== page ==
Another JS Framework, Another Day!
The novelty; and truly a differentiator for this framework is – It attempts to solve a ubiquitous problem of application development in Node.js runtime; namely architecture of application!
Best place to get familiar with a framework is the documentation provided by the framework developer themselves. There might be few frameworks which missed big time on such docs but then you have their githuburl’s :). Fortunately for Nest we have a good documentation and I would rather say amazing documentation.
For a developer who is consuming a new framework a major hurdle is to find the right purpose and place to put the framework in use. Documentation from the authoring developer; though a good place to start is sometimes is loaded with adjectives which are difficult to translate to purpose or scenario to put it to use. In the case of Nest these adjectives are(ii)
If you care reading further in the philosophy section of the documentation you would notice these additional adjectives all in the same sentence(ii) –
- Highly testable
- Scalable (again)
- Loosely coupled
- Easily maintainable
These adjectives though seem to delude us from the purpose but help set expectations the quality attributes (scalable solution, developer efficiency, ease of maintenance, test-ability) of the solution we build.
These are the official packages available by the framework collaborator / author at the time of writing this article –
- @nestjs/common – Most used package of Nest. It offers fundamental blocks of Nest which are further extended in the core package. Refer the package.json in core to understand their relationship.
- @nestjs/core – Offers much of the strength to the framework. You will mostly consume the types here and if you intend to indulge; you can extend Nest from the types defined here.
- @nestjs/websockets – Offers the functionality of websocket and observablesocket.
- @nestjs/microservices – Offers the basic infrastructure with plumbing required to implement microservices in Nest.
- @nestjs/passport – Offered as a recipe which uses the Passport strategy to authenticate in Node.js runtime.
- @nestjs/cqrs, – Offered as a recipe that implements the Command Query Responsibility Segregation design pattern in Nest framework
- @nestjs/swagger – Offered as a recipe which exposes OpenAPI (swagger) features for use within Nest framework.
- @nestjs/typeorm – Offered as technique to connect with databases along with the ORM capabilities.
- @nestjs/graphql – A wrapper module to Apollographql server. This module helps Nest classes consume graphql.
- @nestjs/mongoose – A wrapper module to Mongoose
- @nestjs/elasticsearch – A wrapper module toelasticsearchnpm package.
- @nestjs/ng-universal – A wrapper module for the angular’s universal module.
Evan You best describes the term in the context of complexity here. In the context of Nest; it is best experienced by the diverse packages available which offer bounty of a feature / architectural or design pattern. These packages are modelled as adapters and plugins (two common design patterns). Best experienced by peeking into the package.json file e.g. for @nestjs/corepackage
This is that one aspect we did not introduce ourselves while we were getting to understand the Nest framework. The framework combines
- Object oriented programming – Being developed in TypeScript; it has to be naturally OO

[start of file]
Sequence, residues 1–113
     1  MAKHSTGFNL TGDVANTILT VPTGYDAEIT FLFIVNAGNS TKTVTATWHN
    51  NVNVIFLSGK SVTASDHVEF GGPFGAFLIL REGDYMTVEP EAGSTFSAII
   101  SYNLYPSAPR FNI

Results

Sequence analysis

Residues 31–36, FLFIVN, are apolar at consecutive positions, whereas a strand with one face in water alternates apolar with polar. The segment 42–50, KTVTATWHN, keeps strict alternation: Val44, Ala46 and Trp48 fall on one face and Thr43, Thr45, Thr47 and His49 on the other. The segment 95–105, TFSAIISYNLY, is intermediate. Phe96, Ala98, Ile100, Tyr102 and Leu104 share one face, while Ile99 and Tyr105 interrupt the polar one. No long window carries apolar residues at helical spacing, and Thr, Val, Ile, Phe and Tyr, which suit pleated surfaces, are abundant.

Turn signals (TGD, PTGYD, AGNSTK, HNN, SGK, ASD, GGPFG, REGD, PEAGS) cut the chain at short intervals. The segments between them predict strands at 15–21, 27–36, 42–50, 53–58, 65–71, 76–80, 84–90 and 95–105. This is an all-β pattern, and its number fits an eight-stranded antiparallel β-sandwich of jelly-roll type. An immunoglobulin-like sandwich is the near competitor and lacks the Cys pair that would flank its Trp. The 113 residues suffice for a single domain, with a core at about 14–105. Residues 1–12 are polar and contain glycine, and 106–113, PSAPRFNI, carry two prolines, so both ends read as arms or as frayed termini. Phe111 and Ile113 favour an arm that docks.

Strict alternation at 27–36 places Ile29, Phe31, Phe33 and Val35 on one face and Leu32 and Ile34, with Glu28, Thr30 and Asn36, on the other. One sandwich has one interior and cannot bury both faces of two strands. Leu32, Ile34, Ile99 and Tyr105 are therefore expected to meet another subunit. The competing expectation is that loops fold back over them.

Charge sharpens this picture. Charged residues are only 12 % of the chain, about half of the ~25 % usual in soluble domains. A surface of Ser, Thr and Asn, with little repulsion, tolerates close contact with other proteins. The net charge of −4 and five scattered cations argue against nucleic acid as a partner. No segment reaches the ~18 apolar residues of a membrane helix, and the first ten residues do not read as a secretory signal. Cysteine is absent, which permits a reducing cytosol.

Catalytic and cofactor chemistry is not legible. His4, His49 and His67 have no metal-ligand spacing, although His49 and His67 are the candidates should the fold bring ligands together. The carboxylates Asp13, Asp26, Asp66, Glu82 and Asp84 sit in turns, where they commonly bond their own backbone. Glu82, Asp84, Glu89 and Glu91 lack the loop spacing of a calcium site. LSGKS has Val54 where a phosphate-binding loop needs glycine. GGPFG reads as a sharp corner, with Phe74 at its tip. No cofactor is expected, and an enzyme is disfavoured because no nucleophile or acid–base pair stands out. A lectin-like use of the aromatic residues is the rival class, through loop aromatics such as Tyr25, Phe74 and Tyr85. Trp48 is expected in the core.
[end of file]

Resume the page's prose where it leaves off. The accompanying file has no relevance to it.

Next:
- Functional programming – Framework uses features of Closure, Promises, etc.
- Functional reactive programming – Being built using advanced features of ES standards; framework uses Observable, async-await etc.
Knowledge of though does not contribute towards identifying the purpose but does contribute towards a well-built solution. Oh oops, I stand corrected the application of this (programming paradigm) knowledge contributes towards a well-built solution. By “application of knowledge” I mean the design of the domain / problem statement you intend to solve. Best use of the framework will be by designing the application using the same mix of OO, FP and FRP in different bounded contexts.
Getting the hands dirty
Plethora of content on the internet can help you get started. However, the critical stuff for you to get started are to have the right set of pre-requisites. Here we will do just that; take a look at the right set of pre-requisites.
There could be no better place and authority than package.json of the Nest framework to list the pre-requisite –
“node”: “>= 8.9.0”
This line essentially indicates we will need Node.js version 8.9.0 and higher to use Nest framework. Depending on the operating system your box has you should download and install the Node.js version 8.9.0 or higher. Choose your own style of installation whichever you feel comfortable.
Once you have completed the Node.js installation you can quickly start with Nest but with one constraint – What do you want to do? Typically, the answer will be “Hello World” program. Do not tell me that you came all this way to say “Hello Word” or “Hello Nest” or something like that.
It is highly recommended you surf the samples developed by the author of the framework itself – https://github.com/nestjs/nest/tree/master/sample
Different scenarios different sample. You should also attempt stitching two samples together to build an application of your own choice. The most elegant way to explore the existing sample is to clone the repository to your own box. Consider using git command line to issue the following command
git clone https://github.com/nestjs/nest.git
You could then use a preferred IDE like VS Code or Atom to run and analyse the sample..
The Editorial Board